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Life and blood,
This review is from: Criterion Collection: Cronos [DVD]  [Region 1] [US Import] [NTSC] (DVD)
Currently everybody thinks of him as directing Pan's Labyrinth or the Hellboy movies. But at the very beginning of his career, Guillermo del Toro honed his directorial skills with a truly brilliant, unique movie called "Cronos," which expertly blended alchemy, vampirism and creeping psychological horror.
Antique dealer Jesús Gris (Federico Luppi) is handling an angel statue when he finds an insectile metal object in the bottom. And it bites him, injecting him with a strange fluid. Soon Jesús finds himself addicted to the device, and he finds that it's slowly restoring his youth and strength. And during a party, he also finds that it's giving him a hunger for blood.
Unfortunately, a wealthy but dying businessman is determined to find the device, and he sends out his brutal nephew Angel (Ron Perlman) to find it -- and Angel even kills Jesús when the old man doesn't tell him what he wants to know. Jesús rises again as an undead creature who is still determined to get the device back, but now his young granddaughter is in danger as well.
"Cronos" was the very first movie that Guillermo ever directed, and it's not surprising that it feels a little rough compared to his later work. But expect lots of del Toro trademarks -- mysterious golden items, insects, weird and grotesque vampirism, religious symbolism, and favored actors Luppi and Perlman.
The entire movie is beautifully directed, and del Toro paints every scene with shadows, gold and blood. And rather than going for over-the-top spookery, del Toro mingles vampiric horror (Jesus staring hungrily at his granddaughter) with more visceral psychological horror (Jesús returns to life with his mouth stitched shut). Even the gross-outs are subtle, like when we see that even Jesús' flesh is turning white and larvalike.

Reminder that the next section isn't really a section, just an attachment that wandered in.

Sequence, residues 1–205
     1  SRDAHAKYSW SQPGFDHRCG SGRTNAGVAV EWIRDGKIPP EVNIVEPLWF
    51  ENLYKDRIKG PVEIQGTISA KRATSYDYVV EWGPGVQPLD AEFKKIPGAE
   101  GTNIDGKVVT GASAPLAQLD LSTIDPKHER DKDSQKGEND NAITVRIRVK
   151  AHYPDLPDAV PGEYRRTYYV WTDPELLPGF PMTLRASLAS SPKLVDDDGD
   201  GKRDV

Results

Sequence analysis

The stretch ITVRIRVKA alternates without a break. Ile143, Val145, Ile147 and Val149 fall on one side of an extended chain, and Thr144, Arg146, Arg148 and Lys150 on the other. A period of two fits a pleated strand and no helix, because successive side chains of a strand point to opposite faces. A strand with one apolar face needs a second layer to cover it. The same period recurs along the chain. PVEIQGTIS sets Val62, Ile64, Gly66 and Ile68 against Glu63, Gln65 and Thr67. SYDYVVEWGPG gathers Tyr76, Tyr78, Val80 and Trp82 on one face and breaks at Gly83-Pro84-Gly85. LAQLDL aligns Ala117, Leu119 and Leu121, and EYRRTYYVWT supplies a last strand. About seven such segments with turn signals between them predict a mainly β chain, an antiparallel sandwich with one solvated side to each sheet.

Federico Luppi is absolutely brilliant as Jesús -- he starts off as a genial, kindly old man with a love of antiques, but slowly he's eaten away by his lust for blood and addiction to the device. By the end of the movie, you only see a tiny flicker of what he was. Perlman gives a similarly awesome performance as a devious thug, and Claudio Brook is great as the dying businessman.
It took a long time, but this movie is FINALLY coming out in the Criterion catalog -- it will have a restored high-def digital transfer; del Toro's early short film "Geometria"; a tour of de Toro's house; audio commentaries by del Toro and the producers; video interviews with del Toro, Luppi, Navarro and Perlman, a stills gallery; trailer; new English subtitles; and a booklet with not only a Maitland McDonagh essay but del Toro's notes.
"Cronos" is a little more toned-down than Guillermo del Toro's later work, but it's still a powerful, haunting horror movie. An absolute must-see!